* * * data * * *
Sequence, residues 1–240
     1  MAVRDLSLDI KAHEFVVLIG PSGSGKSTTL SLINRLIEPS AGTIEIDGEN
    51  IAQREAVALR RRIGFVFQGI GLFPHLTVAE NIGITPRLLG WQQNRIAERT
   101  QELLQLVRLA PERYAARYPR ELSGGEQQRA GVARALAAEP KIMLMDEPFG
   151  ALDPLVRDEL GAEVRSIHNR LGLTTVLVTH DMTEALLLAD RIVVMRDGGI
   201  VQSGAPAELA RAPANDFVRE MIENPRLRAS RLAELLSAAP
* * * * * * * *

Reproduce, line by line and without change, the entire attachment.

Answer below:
Sequence, residues 1–240
     1  MAVRDLSLDI KAHEFVVLIG PSGSGKSTTL SLINRLIEPS AGTIEIDGEN
    51  IAQREAVALR RRIGFVFQGI GLFPHLTVAE NIGITPRLLG WQQNRIAERT
   101  QELLQLVRLA PERYAARYPR ELSGGEQQRA GVARALAAEP KIMLMDEPFG
   151  ALDPLVRDEL GAEVRSIHNR LGLTTVLVTH DMTEALLLAD RIVVMRDGGI
   201  VQSGAPAELA RAPANDFVRE MIENPRLRAS RLAELLSAAP